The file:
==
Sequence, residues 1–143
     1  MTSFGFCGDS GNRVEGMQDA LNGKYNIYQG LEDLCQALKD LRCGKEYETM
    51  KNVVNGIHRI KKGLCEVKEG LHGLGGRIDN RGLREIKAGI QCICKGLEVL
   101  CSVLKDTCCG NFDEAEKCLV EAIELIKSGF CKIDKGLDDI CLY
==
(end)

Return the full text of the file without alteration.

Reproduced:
Sequence, residues 1–143
     1  MTSFGFCGDS GNRVEGMQDA LNGKYNIYQG LEDLCQALKD LRCGKEYETM
    51  KNVVNGIHRI KKGLCEVKEG LHGLGGRIDN RGLREIKAGI QCICKGLEVL
   101  CSVLKDTCCG NFDEAEKCLV EAIELIKSGF CKIDKGLDDI CLY